Stocks were higher on Friday, July 7, after the U.S. economy added far more jobs in June than anticipated.
The S&P 500 rose 0.28%, the Dow Jones Industrial Average added 0.25%, and the Nasdaq increased 0.36%.
The U.S. economy added 222,000 jobs in June, according to the latest report from the Department of Labor. Analysts expected just 177,000 new positions.
April and May’s numbers were also revised higher. May’s job gains were increased to 152,000 from 138,000, while April’s increase climbed to 207,000 from 174,000.
The U.S. unemployment rate was increased to 4.4% from 4.3%, while average hourly wages increased 0.2% from the previous month. Hourly wages year over year rose 2.5%.
“Today’s jobs report shows the continued strength of the U.S. economy and a significant increase over last month’s report,” said Tony Bedikian, head of global markets at Citizens Bank. “The labor market is tightening, but we are still seeing consistent job growth.”
Crude oil prices were lower ahead of weekly drilling activity data out Friday afternoon. A weekly count on active oil rigs drilling for crude in the U.S. will be released by Baker Hughes at 1 p.m. ET.
The count in the previous reporting period showed the first decline in activity in 24 weeks. The number of active U.S. rigs drilling for oil fell by two in the past week to 756 rigs. The number of active rigs has only dropped two times this year.
West Texas Intermediate crude was down 2% to $44.58 a barrel on Friday.
Crude oil prices rallied on Thursday, July 6, after a larger-than-expected drawdown in domestic supplies. U.S. inventories dropped by 6.3 million barrels in the past week, according to the Energy Information Administration. The drop was nearly four times the expected decline.
World leaders convened in Hamburg, Germany for the 12th meeting of the G20 Friday, with the two-day summit of leaders from the world’s biggest economies likely to address the escalating threat of North Korea, global trade and climate change.
North Korea has been on the world’s radar after launching an intercontinental ballistic missile on July 4 that it says is able to carry a large nuclear warhead. The U.S. Defense Department believes the missile could reach as far as Alaska and possibly other parts of the North American mainland.
President Donald Trump and Russian President Vladimir Putin met on the sidelines of the summit to discuss, among other things, sanctions against Russia and the country’s involvement in the fight against the so-called Islamic State. Meeting outcomes will be closely dissected as the Trump White House continues to battle allegations of collusion with the foreign government during the 2016 election.
The Federal Reserve Board will submit its July 2017 Monetary Policy Report to Congress on Friday ahead of Fed Chair Janet Yellen’s testimony the following week. The report will be made public at 11 a.m. ET.
Yellen is set to deliver her semiannual testimony on monetary policy on Capitol Hill next week, first to the House Financial Services Committee on Wednesday, July 12, at 10 a.m. ET, and then to the Senate Banking Committee on Thursday, July 13, at 10 a.m. ET.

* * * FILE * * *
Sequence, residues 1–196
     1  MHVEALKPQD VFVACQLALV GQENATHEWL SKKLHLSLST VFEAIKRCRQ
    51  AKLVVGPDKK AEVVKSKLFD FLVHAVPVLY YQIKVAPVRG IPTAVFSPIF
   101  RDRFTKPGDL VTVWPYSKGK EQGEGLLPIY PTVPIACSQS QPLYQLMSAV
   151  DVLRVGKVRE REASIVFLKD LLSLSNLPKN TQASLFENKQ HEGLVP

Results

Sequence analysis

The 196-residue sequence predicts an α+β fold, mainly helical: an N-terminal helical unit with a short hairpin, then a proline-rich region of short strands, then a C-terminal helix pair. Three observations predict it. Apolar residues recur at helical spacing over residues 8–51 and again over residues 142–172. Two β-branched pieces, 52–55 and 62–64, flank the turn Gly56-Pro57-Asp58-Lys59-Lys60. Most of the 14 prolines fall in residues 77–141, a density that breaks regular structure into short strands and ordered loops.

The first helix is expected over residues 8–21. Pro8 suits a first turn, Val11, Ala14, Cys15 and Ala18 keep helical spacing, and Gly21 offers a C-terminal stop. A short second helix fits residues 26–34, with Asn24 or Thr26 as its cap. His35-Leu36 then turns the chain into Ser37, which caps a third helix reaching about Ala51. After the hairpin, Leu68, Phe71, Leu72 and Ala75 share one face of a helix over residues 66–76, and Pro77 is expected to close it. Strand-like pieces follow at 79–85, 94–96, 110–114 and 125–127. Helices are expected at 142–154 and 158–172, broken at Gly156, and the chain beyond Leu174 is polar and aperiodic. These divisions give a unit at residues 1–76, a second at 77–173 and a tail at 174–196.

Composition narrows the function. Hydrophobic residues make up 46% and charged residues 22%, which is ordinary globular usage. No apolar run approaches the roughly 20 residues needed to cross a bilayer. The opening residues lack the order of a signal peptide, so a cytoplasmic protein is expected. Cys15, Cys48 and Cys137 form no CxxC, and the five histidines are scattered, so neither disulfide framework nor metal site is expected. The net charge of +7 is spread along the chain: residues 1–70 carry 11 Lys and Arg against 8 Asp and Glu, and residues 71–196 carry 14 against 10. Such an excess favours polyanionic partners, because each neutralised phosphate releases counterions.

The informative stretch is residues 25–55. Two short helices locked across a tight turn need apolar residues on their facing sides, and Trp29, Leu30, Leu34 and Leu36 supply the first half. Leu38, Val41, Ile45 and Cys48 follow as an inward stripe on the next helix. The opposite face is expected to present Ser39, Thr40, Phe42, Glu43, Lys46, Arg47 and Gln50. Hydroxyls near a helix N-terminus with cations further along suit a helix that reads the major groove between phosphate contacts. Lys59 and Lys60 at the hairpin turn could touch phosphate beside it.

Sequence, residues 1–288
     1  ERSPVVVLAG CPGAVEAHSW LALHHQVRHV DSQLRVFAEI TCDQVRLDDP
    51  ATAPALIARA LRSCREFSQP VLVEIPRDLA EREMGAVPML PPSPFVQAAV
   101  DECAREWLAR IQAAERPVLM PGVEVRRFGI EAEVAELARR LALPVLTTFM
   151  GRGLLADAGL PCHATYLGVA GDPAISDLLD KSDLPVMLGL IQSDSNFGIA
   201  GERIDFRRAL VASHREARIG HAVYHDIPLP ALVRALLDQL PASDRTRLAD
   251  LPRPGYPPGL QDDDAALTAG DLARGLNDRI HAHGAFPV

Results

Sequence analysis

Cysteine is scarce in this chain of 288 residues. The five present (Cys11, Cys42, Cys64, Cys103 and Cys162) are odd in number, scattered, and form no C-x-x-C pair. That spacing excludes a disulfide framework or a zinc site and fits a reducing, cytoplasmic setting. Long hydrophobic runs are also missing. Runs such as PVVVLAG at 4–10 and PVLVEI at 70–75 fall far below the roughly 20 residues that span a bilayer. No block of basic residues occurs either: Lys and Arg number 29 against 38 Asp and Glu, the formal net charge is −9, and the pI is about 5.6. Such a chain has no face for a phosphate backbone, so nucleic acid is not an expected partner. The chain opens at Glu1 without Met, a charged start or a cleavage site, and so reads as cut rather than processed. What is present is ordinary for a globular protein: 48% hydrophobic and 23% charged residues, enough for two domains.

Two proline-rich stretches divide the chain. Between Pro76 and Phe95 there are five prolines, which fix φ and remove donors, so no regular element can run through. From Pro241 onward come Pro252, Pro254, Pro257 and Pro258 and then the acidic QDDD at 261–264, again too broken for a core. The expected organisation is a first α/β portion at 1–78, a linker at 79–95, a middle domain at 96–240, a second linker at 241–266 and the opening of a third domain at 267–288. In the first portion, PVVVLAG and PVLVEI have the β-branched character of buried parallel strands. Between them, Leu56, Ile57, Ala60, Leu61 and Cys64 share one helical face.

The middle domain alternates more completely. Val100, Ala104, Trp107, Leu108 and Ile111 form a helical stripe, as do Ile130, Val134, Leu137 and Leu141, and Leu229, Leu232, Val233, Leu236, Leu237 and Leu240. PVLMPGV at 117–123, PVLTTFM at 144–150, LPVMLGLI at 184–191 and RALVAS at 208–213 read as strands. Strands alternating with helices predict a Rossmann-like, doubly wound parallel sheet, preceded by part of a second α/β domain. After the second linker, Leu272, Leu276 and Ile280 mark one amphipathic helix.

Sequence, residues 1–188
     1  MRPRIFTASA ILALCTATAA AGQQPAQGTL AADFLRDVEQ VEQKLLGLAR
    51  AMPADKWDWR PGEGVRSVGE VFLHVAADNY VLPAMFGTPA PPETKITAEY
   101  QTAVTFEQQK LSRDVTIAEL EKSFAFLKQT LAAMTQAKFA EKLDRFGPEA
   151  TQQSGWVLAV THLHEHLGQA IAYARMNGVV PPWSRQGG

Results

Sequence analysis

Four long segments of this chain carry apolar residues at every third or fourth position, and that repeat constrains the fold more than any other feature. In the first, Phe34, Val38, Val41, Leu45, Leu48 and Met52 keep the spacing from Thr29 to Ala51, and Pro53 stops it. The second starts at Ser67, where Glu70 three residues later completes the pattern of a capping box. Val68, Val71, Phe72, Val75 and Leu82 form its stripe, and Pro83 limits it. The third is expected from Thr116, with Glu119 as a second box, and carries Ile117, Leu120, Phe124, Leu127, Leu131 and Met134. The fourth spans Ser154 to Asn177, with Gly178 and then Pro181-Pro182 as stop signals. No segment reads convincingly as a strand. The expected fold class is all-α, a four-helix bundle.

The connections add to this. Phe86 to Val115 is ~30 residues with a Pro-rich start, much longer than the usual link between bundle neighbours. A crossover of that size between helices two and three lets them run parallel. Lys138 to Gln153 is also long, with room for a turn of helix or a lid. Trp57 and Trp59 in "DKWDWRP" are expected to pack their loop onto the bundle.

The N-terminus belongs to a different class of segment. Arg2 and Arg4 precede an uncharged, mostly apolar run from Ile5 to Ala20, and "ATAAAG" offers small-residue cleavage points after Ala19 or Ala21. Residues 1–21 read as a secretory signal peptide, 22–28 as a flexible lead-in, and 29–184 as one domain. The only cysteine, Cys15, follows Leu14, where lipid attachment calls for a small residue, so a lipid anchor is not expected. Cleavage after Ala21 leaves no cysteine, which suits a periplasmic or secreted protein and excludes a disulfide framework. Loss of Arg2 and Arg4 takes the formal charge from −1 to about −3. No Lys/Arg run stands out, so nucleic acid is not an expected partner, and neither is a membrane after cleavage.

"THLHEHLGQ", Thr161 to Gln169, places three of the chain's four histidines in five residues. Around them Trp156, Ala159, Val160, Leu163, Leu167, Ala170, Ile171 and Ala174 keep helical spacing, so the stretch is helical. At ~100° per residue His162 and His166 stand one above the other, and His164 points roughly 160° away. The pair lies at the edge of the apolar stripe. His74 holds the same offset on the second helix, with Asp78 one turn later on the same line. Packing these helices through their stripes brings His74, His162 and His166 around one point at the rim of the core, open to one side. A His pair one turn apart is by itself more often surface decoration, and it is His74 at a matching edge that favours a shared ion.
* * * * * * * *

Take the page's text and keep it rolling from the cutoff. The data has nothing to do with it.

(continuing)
Fed members have recently struck a hawkish tone. In minutes from a June policy meeting, “several” Fed members back an unwinding of its $4.5 trillion balance sheet within a “couple of months.”
Members also indicated a willingness to continue increasing interest rates at coming meetings even with recent softening inflation trends. The Fed has said it sees recent inflation weakness as transitory.
The Federal Open Market Committee, the monetary policy arm of the U.S. central bank, raised interest rates for the second time this year at its June 13-14 meeting.
Berkshire Hathaway Inc. (BRK.A) (BRK.B) announced early Friday its plans to purchase bankrupt company Energy Future for $9 billion. The deal also includes the purchase of Energy Future’s Oncor Electric Delivery Co., giving it an equity value of roughly $11.25 billion.
Texas regulators had previously blocked two attempts by others to purchase Oncor. The company is one of the biggest power transmission networks in the U.S., according to Reuters.
Campbell Soup Co. (CPB) rose nearly 2% after acquiring organic soup company Pacific Foods for $700 million. Pacific will slot into Campbell’s Americas Simple Meals and Beverages unit.
Tesla Inc. (TSLA) bounced back on Friday after briefly entering bear market territory on Thursday, July 6. The electric automaker has slumped in recent days: first, after disappointing second-quarter deliveries data and then, after failing to secure a safety award from the Insurance Institute of Highway Safety.
O’Relly Automotive Inc. (ORLY) , Advance Auto Parts Inc. (AAP) and Auto Zone Inc. (AZO) were on watch Friday following a bearish Bank of America Merrill Lynch note on the auto-parts retail industry. Advance Auto Parts was downgraded to “underperform” from “neutral” while both O’Reilly Automotive and Auto Zone were downgraded to “neutral” from “buy.”
Winnebago Industries Inc. (WGO) was rated a buy at Stifel Nicolaus with a $40 price target as the firm initiated coverage on the recreational vehicle manfacturer. Stifel analysts are optimistic over new product launches and the stock’s valuation.
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